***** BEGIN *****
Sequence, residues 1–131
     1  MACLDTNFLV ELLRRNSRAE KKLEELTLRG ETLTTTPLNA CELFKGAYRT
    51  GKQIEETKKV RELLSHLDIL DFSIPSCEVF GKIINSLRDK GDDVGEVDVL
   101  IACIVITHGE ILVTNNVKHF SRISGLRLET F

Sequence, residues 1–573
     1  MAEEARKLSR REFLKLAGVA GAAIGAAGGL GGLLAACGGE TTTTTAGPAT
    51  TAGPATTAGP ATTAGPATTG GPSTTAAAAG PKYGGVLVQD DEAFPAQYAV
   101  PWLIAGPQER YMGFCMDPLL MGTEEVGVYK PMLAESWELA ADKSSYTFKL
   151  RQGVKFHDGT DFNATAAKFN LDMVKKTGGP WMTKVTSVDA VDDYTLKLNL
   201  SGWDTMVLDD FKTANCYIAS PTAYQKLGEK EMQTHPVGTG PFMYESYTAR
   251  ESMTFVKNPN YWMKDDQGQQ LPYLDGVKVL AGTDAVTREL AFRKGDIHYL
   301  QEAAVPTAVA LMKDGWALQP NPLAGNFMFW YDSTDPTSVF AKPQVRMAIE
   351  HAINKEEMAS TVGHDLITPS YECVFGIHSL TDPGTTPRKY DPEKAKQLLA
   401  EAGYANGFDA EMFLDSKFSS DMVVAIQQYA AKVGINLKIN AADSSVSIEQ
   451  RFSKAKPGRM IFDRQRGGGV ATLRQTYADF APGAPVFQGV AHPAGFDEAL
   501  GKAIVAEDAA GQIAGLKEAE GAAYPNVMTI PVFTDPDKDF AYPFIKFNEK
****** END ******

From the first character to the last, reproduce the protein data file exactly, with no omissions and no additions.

Sequence, residues 1–131
     1  MACLDTNFLV ELLRRNSRAE KKLEELTLRG ETLTTTPLNA CELFKGAYRT
    51  GKQIEETKKV RELLSHLDIL DFSIPSCEVF GKIINSLRDK GDDVGEVDVL
   101  IACIVITHGE ILVTNNVKHF SRISGLRLET F

Sequence, residues 1–573
     1  MAEEARKLSR REFLKLAGVA GAAIGAAGGL GGLLAACGGE TTTTTAGPAT
    51  TAGPATTAGP ATTAGPATTG GPSTTAAAAG PKYGGVLVQD DEAFPAQYAV
   101  PWLIAGPQER YMGFCMDPLL MGTEEVGVYK PMLAESWELA ADKSSYTFKL
   151  RQGVKFHDGT DFNATAAKFN LDMVKKTGGP WMTKVTSVDA VDDYTLKLNL
   201  SGWDTMVLDD FKTANCYIAS PTAYQKLGEK EMQTHPVGTG PFMYESYTAR
   251  ESMTFVKNPN YWMKDDQGQQ LPYLDGVKVL AGTDAVTREL AFRKGDIHYL
   301  QEAAVPTAVA LMKDGWALQP NPLAGNFMFW YDSTDPTSVF AKPQVRMAIE
   351  HAINKEEMAS TVGHDLITPS YECVFGIHSL TDPGTTPRKY DPEKAKQLLA
   401  EAGYANGFDA EMFLDSKFSS DMVVAIQQYA AKVGINLKIN AADSSVSIEQ
   451  RFSKAKPGRM IFDRQRGGGV ATLRQTYADF APGAPVFQGV AHPAGFDEAL
   501  GKAIVAEDAA GQIAGLKEAE GAAYPNVMTI PVFTDPDKDF AYPFIKFNEK